As long as a person is not confessing, he feels free to speak or keep silent about whatever he wishes. What he then hates in confession is not the humbling experience of revealing himself, and not the fact that he is a sinner—he already knows that somehow—but the necessity of capitulating before and within total confession, the fact that the freedom of selection has been withdrawn and that the only choice remaining is to reveal everything or nothing. He is sick as a whole person and must be healed as such, and not eclectically. That is the first humbling experience. The second is that he is only one of many and has to accept the same conditions as do the others, even external conditions such as having to appear at the confessional at an appointed hour: a kind of marked condition, the elimination of all external differentiation—the factory owner and the watchman, the lady and her cook, all on equal footing. Precisely when one confesses that which is most intimate, one no longer has a choice or selection, is put on a level with all other sinners and is merely one penitent in the line of other sinners. The peculiarities of my particular “case”, which made it seem so interesting to me and which I would so gladly have explained to the listener, do not matter at all any more. Confession [Beichten] is above all precisely that: a confession [Bekenntnis] not only of my sins but also a confession to God and to God’s precepts and institutions, indeed to his Church with her own weakness and her myriad ambiguous, even disturbing, aspects.

The act of “speaking” with someone about my life does not oblige me further. Afterward, I can experience a certain feeling of gratitude or of awkwardness toward the person who has listened to me, but I remain the free person who can detach himself again. Confession is not an individual act in the same sense; nothing in it can be isolated. The act of confession expressly involves the whole person, his whole life, his whole world-view, his whole relationship to God.

Speyr, Adrienne von. Confession (Kindle Locations 180-209). Ignatius Press. Kindle Edition.

adrienne_von_speyr1Adrienne von Speyr was a Swiss convert, mystic, wife, medical doctor and author of over 60 books on spirituality and theology. She’s inspired countless souls around the world to deepen their mission of prayer and compassion. She entered the Catholic Church under the direction of the great theologian, Hans Urs von Balthasar. In the years that would follow, they would co-found the secular institute, the Community of St. John.

 

For more episodes in this series visit Dr. Adrian Walker’s Discerning Hearts page

Adrian Walker is an editor of the journal Communio, an International Catholic Review, who received his doctorate in philosophy at the Pontifical Gregorian University in Rome. Dr. Walker has served as a translator for the English edition of Pope Benedict XVI’s, ” Jesus of Nazareth”, as well as numerous other theological works, including those of Hans Urs von Balthasar and Adrienne von Speyr.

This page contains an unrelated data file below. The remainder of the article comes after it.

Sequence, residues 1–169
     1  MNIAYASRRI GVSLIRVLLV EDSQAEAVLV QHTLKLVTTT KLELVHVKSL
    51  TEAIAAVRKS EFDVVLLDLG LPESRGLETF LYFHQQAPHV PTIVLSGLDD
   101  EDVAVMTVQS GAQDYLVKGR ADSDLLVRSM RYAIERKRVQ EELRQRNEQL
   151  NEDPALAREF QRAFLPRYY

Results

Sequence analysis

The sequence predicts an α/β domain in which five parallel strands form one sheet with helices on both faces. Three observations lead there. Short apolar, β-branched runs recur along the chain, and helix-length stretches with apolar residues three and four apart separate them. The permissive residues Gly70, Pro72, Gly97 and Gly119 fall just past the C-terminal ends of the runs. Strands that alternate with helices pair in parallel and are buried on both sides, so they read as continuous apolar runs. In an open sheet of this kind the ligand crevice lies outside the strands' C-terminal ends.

Our series recorded at “Casa Balthasar“, a house of discernment for men located in Rome, Italy. The Casa, was founded in 1990 by a group of friends and is directed by Rev. Jacques Servais, S.J.; Joseph Ratzinger (Pope Benedict XVI) has been closely associated with the Casa Balthasar from the very beginning as its Cardinal Protector.

Many of Adrienne von Speyr’s books can found through Ignatius Press

 

 

IP#231 Vinny Flynn – The 7 Secrets of Confession on Inside the Pages with Kris McGregor

Vinny-Flynn

What a delight to talk once again to the incredible Vinny Flynn, this time about his book “The 7 Secrets of Confession”. Vinny has such a passion for the Catholic faith, and in particular for the Sacraments of the Church, that it’s difficult not to be inspired by his joy.  This is perfect for anyone who struggles with this rich gift of grace and mercy, the sacrament  “Confession”.   But even more than that, it is like a “booster shot” for anyone who frequents the confessional but may be taking it for granted.  A definite “must have” for every Catholic home library.  This would also be a great gift for those in the RCIA or in sacramental preparation in RE classes.

 

7-SecretsYou can find the book here

Vinny Flynn s 7 Secrets are like seven explosions that blow away the obstacles keeping us from the Sacrament of Mercy. If you’ve ever dragged your feet on the way to confession, gotten discouraged about confessing the same sins over and over, or wondered how your confessions could be more fruitful, then you ll love this book. It turns what many see as a tiresome obligation into a precious, longed-for encounter with the Lord.
Fr. Michael Gaitley, MIC Author, 33 Days to Morning Glory

POA-V11 Keep the Enemy Out of the Camp – Put On The Armor: A Manual for Spiritual Warfare w/ Dr. Paul Thigpen